The Hilton Arts Festival is also a massive reunion with industry players and artists from across the country, flocking in for the arts and drama all contained within the big school. “This year we had more veteran technicians on the festival touring with shows than we’ve ever had,” said Brandon. “I saw my first boss, Robyn Shuttleworth, whom I hadn’t seen for twenty-five years. It was amazing. We saw actors who we had worked with years ago and who are now directors, producers and writers. Everyone is years older. It’s a great coming together of great theatre people in South Africa.”

 

For passionate Sue Clarence, founder of the festival, it is a massive financial strain to pull off the show. “There is always one sponsor less and every now and again there is a new sponsor,” said Brandon. “We have to try and help her make it work financially and try find new and exciting things to implement in order to make the audience come back the following year or to tell their friends it was awesome and get them to come next time. With two festival directors, there are fresh ideas and a lot of energy.” Sue is very hard working, open to recommendations and changes.

Verandah Panda sees Jane Baillie and Liam Magner make music with machines and a violin, vocals, raps and a sax.

 

“There is absolutely no question that without Black Coffee and Brandon Bunyan’s team of technical support as well as his very generous sponsorship of gear, the event would simply not be possible,” said Sue Clarence. “Equally as valuable is the way in which DWR lends its support and personnel to the event. No matter how good a production, concert or individual performance may be, without the comfort and cradle that the technical support provides, the impact is immediately reduced by at least 50%. Expert technical support does not only provide quality sound, light and staging but the all-important emotional security to the performers. It is the proverbial Linus blanket when done well.”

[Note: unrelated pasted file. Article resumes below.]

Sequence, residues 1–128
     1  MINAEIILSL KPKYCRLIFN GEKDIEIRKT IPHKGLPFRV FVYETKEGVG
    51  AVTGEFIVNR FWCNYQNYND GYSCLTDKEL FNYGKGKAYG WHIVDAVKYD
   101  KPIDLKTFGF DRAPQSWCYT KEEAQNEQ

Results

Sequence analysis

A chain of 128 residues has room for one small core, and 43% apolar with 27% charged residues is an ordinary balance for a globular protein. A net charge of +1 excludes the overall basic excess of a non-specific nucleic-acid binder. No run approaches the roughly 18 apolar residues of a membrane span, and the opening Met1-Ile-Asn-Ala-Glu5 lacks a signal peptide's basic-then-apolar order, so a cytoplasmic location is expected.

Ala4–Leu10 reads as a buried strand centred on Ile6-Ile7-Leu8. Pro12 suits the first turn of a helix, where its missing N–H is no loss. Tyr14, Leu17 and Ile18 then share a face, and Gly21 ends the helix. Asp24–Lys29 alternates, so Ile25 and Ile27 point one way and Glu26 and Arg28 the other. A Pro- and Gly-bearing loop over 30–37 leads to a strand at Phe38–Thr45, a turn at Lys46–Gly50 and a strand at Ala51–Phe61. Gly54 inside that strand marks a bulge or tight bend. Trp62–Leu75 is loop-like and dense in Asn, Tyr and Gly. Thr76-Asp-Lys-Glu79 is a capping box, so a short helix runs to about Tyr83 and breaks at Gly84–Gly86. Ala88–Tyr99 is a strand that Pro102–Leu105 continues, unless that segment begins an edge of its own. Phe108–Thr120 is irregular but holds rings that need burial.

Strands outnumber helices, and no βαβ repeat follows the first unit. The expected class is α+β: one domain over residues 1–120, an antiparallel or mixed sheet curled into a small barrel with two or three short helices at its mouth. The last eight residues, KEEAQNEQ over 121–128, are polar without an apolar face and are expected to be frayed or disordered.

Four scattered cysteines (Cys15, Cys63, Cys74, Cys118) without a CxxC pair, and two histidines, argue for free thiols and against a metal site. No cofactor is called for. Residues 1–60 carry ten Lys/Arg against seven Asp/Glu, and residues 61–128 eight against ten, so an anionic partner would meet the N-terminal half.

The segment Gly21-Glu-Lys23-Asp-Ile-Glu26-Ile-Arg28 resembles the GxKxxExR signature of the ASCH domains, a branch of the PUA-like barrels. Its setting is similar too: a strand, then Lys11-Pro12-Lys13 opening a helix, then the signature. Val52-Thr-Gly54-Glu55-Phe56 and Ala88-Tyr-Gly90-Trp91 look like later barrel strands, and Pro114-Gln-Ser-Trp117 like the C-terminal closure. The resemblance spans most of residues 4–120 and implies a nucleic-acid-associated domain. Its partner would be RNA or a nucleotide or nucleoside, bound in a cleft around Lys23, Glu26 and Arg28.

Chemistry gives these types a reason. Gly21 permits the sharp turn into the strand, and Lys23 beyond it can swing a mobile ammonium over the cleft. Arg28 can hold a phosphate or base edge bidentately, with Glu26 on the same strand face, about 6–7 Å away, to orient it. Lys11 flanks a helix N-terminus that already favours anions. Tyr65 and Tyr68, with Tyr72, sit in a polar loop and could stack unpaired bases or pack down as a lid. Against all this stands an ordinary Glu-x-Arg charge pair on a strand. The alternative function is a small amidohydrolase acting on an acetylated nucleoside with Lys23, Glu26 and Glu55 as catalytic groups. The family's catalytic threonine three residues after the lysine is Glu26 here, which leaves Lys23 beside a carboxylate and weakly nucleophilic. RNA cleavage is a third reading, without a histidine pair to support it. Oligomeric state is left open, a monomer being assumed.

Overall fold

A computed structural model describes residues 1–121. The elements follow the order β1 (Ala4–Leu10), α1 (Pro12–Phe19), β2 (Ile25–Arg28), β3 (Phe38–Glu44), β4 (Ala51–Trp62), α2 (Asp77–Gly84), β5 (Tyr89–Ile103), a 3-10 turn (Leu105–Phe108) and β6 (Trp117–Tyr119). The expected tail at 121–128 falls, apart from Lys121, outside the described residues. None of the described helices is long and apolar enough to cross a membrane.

Sue finds the best possible shows that can fit into her festival, sourcing talent at the Grahamstown Festival, the Market Theatre, The Fugard Theatre and wherever there are shows available or talented people who want to create new shows. “Sue tries to find funding to bring them up to the Hilton and I don’t actually know how she does it,” says Brandon. “She is always trying to give back to the community.”

John Ellis, singer-songwriter from Durban and principal member, guitar-player, vocalist and songwriter for the internationally renowned and award-winning band Tree63.

 

The Hilton Arts Festival dedicate a day during the festivities to the surrounding community and youth, where many schools in the area attend workshops presented by artists willing to give of their time, hoping to teach and inspire kids. “It’s the most important part of the festival as artists interact with their future audience,” added Brandon. “And while most of these children do drama and fine arts at school, they have never had the opportunity to be exposed to any live music, theatre or professional visual art. This festival is central to KwaZulu and is accessible to many schools.”

The growth of an event depends on partnership and here’s looking forward to the Hilton Arts Festival continuing to uplift and encourage theatre and arts in South Africa .